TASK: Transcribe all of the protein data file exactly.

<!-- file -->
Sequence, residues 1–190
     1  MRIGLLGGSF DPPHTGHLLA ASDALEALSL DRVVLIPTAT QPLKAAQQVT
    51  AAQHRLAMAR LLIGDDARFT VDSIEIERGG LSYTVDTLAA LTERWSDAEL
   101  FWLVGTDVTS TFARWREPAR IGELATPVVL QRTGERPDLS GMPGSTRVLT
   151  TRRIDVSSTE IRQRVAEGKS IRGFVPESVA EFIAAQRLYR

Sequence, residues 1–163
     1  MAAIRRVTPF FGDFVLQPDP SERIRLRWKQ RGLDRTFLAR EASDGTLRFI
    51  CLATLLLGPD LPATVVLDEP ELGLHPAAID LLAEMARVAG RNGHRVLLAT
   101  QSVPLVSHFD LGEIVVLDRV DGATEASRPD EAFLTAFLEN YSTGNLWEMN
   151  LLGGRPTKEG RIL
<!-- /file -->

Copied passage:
Sequence, residues 1–190
     1  MRIGLLGGSF DPPHTGHLLA ASDALEALSL DRVVLIPTAT QPLKAAQQVT
    51  AAQHRLAMAR LLIGDDARFT VDSIEIERGG LSYTVDTLAA LTERWSDAEL
   101  FWLVGTDVTS TFARWREPAR IGELATPVVL QRTGERPDLS GMPGSTRVLT
   151  TRRIDVSSTE IRQRVAEGKS IRGFVPESVA EFIAAQRLYR

Sequence, residues 1–163
     1  MAAIRRVTPF FGDFVLQPDP SERIRLRWKQ RGLDRTFLAR EASDGTLRFI
    51  CLATLLLGPD LPATVVLDEP ELGLHPAAID LLAEMARVAG RNGHRVLLAT
   101  QSVPLVSHFD LGEIVVLDRV DGATEASRPD EAFLTAFLEN YSTGNLWEMN
   151  LLGGRPTKEG RIL